But, the kind of popcorn that’s in so many of our pantries these days is the kind that comes in a microwave bag. And that’s not the healthy kind, because it contains so many extraneous chemicals and a high fat content.

But if you make popcorn from scratch, it can be one of the healthiest and most versatile snacks ever.

There’s no limit to the ways you can change up the flavor of homemade popcorn.

Butter – our usual go-to topping for popcorn – isn’t the villain that some used to think it was.

Used sparingly, it’s not too bad.

It helps the body absorb vitamins A, D, E and K.

And if you choose whipped butter, you’ll save on calories.

So, if you love the taste of butter on popcorn, make your own popcorn and toss it with a little butter and enjoy it, almost guilt free.

There are two basic ways to make your own popcorn.

There’s the traditional way – on the stove top, and then there’s the brown bag microwave method.

There are tons of fun popcorn toppings to consider – grated parmesan cheese, cayenne pepper, lemon-pepper or Italian herb seasoning, curry powder or jerk seasoning, cumin or Spanish smoked paprika.

Stove Top Popcorn

3 Tbsp. coconut oil or extra virgin olive oil
1/3 cup of high quality popcorn kernels
1 Tbsp. or more (to taste) of whipped butter (optional)
Salt to taste
Heat the oil in a 3-qt. thick-bottomed saucepan on medium high heat.
If you are using coconut oil, allow all of the solid oil to melt.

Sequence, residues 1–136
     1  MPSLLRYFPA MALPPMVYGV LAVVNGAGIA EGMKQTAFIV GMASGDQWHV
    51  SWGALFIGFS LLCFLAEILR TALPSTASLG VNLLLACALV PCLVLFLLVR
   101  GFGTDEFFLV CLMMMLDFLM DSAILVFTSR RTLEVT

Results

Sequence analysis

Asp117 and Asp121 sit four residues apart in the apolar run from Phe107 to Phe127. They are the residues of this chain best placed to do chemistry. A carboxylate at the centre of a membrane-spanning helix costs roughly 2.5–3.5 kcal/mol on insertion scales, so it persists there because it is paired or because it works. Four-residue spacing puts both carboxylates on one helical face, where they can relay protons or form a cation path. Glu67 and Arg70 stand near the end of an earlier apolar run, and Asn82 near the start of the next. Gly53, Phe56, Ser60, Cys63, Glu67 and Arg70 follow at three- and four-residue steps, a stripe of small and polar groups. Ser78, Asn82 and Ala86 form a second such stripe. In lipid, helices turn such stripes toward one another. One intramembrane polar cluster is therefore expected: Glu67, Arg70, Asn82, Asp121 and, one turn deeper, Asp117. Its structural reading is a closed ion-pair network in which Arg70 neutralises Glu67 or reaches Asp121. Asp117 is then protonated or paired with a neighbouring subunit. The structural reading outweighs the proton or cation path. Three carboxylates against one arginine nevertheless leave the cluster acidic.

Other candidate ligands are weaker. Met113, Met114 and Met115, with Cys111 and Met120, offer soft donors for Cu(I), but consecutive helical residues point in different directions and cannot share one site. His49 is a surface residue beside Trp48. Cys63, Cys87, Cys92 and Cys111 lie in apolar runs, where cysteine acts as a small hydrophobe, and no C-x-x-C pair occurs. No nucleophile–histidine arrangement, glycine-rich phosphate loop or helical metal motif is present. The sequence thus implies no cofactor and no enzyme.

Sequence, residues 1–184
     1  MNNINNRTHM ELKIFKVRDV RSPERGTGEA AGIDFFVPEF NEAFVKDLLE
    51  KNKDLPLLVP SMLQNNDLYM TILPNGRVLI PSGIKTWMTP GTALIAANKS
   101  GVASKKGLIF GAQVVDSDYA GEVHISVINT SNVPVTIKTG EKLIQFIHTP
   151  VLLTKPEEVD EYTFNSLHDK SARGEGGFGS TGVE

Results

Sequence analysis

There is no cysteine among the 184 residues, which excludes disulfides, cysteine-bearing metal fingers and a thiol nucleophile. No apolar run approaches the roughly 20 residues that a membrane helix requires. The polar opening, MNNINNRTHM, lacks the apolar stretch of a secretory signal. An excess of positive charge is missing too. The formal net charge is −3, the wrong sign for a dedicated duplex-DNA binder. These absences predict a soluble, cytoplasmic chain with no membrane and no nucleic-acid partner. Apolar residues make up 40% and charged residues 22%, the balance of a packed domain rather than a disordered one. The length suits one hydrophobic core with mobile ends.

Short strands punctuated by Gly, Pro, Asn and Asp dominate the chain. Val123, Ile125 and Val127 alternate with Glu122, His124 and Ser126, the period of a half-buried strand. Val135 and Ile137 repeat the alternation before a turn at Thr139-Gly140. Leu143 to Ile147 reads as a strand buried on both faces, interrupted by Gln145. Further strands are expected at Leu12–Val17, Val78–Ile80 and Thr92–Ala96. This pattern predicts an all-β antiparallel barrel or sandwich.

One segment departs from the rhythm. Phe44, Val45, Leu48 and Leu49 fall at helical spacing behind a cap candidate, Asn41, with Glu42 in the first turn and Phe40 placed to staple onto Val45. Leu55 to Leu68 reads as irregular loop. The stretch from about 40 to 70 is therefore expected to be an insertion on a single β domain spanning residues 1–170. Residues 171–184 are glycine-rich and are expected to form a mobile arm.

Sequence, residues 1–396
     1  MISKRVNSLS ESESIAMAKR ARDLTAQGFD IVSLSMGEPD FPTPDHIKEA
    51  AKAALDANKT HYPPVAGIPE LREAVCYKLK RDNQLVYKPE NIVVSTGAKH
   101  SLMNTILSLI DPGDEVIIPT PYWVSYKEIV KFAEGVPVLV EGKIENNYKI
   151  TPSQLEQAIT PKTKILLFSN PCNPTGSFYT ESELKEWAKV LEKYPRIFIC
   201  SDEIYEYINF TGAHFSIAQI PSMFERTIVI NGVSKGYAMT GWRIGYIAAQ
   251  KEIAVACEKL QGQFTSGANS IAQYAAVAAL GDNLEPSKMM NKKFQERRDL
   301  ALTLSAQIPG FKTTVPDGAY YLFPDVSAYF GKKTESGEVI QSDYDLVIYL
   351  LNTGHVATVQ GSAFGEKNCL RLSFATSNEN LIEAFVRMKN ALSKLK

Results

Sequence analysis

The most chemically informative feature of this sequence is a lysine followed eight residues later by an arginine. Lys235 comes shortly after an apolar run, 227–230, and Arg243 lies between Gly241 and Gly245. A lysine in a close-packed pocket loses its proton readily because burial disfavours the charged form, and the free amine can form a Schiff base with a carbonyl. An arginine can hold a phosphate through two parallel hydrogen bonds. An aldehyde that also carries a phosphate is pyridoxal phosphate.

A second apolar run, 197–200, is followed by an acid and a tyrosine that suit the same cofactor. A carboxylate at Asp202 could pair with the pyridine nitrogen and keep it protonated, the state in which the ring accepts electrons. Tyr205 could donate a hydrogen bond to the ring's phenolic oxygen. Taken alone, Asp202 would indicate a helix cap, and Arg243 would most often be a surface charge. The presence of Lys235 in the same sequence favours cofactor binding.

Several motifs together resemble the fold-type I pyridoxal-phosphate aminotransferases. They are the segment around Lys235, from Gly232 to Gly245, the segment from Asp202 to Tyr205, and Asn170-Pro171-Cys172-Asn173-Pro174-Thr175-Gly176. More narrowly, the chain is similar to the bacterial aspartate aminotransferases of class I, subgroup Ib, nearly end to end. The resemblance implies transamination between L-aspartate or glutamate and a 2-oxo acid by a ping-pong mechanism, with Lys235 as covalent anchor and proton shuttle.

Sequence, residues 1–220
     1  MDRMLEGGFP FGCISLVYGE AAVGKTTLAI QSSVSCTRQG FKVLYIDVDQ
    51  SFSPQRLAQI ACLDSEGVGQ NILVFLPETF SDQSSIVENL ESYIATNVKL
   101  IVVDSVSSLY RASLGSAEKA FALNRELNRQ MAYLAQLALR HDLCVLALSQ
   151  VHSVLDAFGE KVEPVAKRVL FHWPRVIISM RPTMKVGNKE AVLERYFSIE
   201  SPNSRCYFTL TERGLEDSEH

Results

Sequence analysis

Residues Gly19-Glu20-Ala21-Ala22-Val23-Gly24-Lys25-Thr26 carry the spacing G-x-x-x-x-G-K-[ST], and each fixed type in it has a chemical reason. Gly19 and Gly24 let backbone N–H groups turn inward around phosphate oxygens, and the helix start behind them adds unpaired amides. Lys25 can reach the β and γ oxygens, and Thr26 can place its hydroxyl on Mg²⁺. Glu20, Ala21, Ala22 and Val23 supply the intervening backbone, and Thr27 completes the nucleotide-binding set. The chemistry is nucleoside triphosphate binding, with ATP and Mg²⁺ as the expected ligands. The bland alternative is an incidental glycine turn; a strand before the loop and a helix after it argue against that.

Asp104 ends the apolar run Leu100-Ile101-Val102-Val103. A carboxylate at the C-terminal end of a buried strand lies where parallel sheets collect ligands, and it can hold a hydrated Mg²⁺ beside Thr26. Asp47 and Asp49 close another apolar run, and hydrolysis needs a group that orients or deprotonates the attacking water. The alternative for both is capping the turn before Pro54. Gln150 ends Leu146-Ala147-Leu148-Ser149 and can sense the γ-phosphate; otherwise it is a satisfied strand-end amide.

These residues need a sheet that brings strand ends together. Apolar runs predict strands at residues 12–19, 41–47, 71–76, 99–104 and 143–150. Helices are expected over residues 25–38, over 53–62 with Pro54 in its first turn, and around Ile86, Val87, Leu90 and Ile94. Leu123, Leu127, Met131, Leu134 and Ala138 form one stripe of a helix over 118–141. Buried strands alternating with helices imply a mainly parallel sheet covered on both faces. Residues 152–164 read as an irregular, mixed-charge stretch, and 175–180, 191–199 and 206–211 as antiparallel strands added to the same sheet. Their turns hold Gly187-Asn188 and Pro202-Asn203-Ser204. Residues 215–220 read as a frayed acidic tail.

Put 3 or 4 popcorn kernels into the oil.
Wait for the popcorn kernels to pop.
When the kernels pop, add the rest of the 1/3 cup of popcorn kernels in an even layer.
Cover the pot, remove from heat and count 30 seconds to get the oil to the right temperature.
Return the pan to the heat.
The popcorn should begin popping soon, and all at once.
Once popping starts in earnest, gently shake the pan by moving it back and forth over the burner. As the popcorn pops, try to keep the lid slightly ajar to let steam release – the popcorn will be drier and crisper.
When the popping slows to several seconds between pops, remove the pan from the heat.
Remove lid and dump the popcorn into a wide bowl.
If you are adding butter, melt butter in the empty hot pan. If you let it get just a little bit brown, it will have a more intense buttery flavor. Drizzle butter over popcorn, toss to distribute and add a little salt.

Homemade Microwave Popcorn in a Paper Bag

In a small cup or bowl, mix 1/2 cup popcorn kernels and a tsp. of oil.
Pour into a brown paper lunch sack and sprinkle in 1/2 tsp. of salt (or to taste).
Fold over the top of the bag to seal in the ingredients.
Cook in microwave at full power for 2 1/2 to 3 minutes, or until you hear pauses of about 2 seconds between pops.
Carefully open the bag (there will be very hot steam) and pour into a serving bowl.
While we’re suffering through the anxiety, social distancing and financial worry of this coronavirus shut-down, a little extra snacking is probably inevitable.
Just remember, the essence of healthy snacking, and healthy eating in general, is simply portion size.
Sorry about that.